Michael Olsansky: Catalogue data in Autumn Semester 2019

Name Dr. Michael Olsansky
E-mailmichael.olsansky@milak.ethz.ch
URLhttp://www.milak.ch
DepartmentHumanities, Social and Political Sciences
RelationshipLecturer

NumberTitleECTSHoursLecturers
853-0063-00LMilitary History I Restricted registration - show details
Only for Public Policy BA
4 credits2V + 1UM. Olsansky
AbstractThe lecture outlines the development of the armed forces (assets regarding manpower, technology and armament), the concepts of warfare and the actual warfare in the 19th and 20th century.
Objective- Distinguish between military history as a subject and historiography as a way of describing events;
- Analyse the modern developments regarding armed forces and warfare in the context of socio-economic changes;
- Based on the approach regarding revolution in military affairs, describe the evolution of the armed forces and of warfare;
- Exemplify the issues regarding the evolution of the combat (First and Second World War, Vietnam War and Algerian War).
ContentThe lecture first examines the bases of the science of (military) history. It focuses on how military history developed from war history, on specific similarities and differences between military history and general historiography, the different ways of dealing with history in Switzerland, Germany, France and in the Anglo-Saxon cultural area (different approaches) as well as on institutions which deal with military history such as universities, military academies, national and international commissions and associations etc.

The lecture is structured along the lines of the concept of "Military Revolution" and starts with the formation of modern, European armed forces after the Oranian Army reform in the 17th century.
Based on the "Military Revolution" approach, the lecture examines the structural changes regarding the armed forces and the development of warfare from the 18th to the 20th century. Special emphasis will be put on how the battlefield was revolutionized due to the Napoleonic wars, the industrialization in the 19th century, the First World War, the mechanization and totalization during the Second World War and the period of the Cold War.
Literature- Peter Browning: The Changing Nature of Warfare, Cambridge 2002.
- MacGregor Knox/Williamson Murray: The Dynamics of Military Revolution 1300-2050, Cambridge 2001.
- Jeremy Black: Introduction to Global Military History 1775 to the present day, London 2005.
- Rolf-Dieter Müller: Militärgeschichte, Köln 2009.
853-0063-02LMilitary History I (without Exercises)3 credits2VM. Olsansky
AbstractThe purpose of the lecture is to outline the development of the armed forces (assets regarding manpower, technology and armament), the concepts of warfare and the actual warfare in the 19th and 20th century.
Objective- Distinguish between military history as a subject and historiography as a way of describing events;
- Analyse the modern developments regarding armed forces and warfare in the context of socio-economic changes;
- Based on the approach regarding revolution in military affairs, describe the evolution of the armed forces and of warfare;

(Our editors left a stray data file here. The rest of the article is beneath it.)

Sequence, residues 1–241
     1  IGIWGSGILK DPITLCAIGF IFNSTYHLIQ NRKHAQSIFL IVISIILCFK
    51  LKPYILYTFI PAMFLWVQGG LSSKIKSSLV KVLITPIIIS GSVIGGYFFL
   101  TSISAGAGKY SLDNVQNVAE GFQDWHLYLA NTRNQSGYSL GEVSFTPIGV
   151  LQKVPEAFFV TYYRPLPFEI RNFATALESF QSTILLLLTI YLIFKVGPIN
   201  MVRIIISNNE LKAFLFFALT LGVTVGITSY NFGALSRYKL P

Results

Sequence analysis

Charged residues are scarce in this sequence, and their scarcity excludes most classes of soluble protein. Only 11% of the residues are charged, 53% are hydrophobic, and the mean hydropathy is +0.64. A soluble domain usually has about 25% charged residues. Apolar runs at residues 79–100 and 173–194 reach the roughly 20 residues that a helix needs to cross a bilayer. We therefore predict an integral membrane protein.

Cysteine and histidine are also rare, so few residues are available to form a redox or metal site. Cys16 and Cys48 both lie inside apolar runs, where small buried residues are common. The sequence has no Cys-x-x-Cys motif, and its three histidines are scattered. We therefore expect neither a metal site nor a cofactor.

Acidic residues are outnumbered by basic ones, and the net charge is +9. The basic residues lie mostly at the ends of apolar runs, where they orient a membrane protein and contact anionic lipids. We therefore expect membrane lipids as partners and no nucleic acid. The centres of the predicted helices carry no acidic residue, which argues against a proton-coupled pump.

- Exemplify the issues regarding the evolution of the combat (First and Second World War, Vietnam War and Algerian War).
ContentThe lecture first examines the bases of the science of (military) history. It focuses on how military history developed from war history, on specific similarities and differences between military history and general historiography, the different ways of dealing with history in Switzerland, Germany, France and in the Anglo-Saxon cultural area (different approaches) as well as on institutions which deal with military history such as universities, military academies, national and international commissions and associations etc.

The lecture is structured along the lines of the concept of "Military Revolution" and starts with the formation of modern, European armed forces after the Oranian Army reform in the 17th century.
Based on the "Military Revolution" approach, the lecture examines the structural changes regarding the armed forces and the development of warfare from the 18th to the 20th century. Special emphasis will be put on how the battlefield was revolutionized due to the Napoleonic wars, the industrialization in the 19th century, the First World War, the mechanization and totalization during the Second World War and the period of the Cold War.
Literature- Peter Browning: The Changing Nature of Warfare, Cambridge 2002.
- MacGregor Knox/Williamson Murray: The Dynamics of Military Revolution 1300-2050, Cambridge 2001.
- Jeremy Black: Introduction to Global Military History 1775 to the present day, London 2005.
- Rolf-Dieter Müller: Militärgeschichte, Köln 2009.
853-0321-00LAdvanced Course II (Seminar) Restricted registration - show details
Only for Public Policy BA
4 credits3SE. Nussio, M. Olsansky
AbstractThis two-semester course is divided into several groups. A core question relating to the topic of the seminar paper is being developed (I), which will be chosen in coordination and under the guidance of the respective lecturers. Upon conclusion, the paper will be presented in class (II). Based on the qualifications obtained in the “Proseminar”, a high academic standard is expected.
ObjectiveBased on the research design prepared in part I of the seminar, candidates write a comprehensive academic term paper. The term paper should be considered as a good preparation for the BA thesis.
ContentSeminar II builds on the findings of seminar I. Within the broader framework of the overall theme of the seminar (Foreign Policies and Security Strategies of the Great Powers) and based on the approved research design of seminar I, participants write their term paper (in close consultation with the lecturer).
Lecture notesA Reader was provided as part of seminar I (cf. online platform Moodle).
Literaturecf. Reader and Reading List Seminar I
Prerequisites / NoticeGerman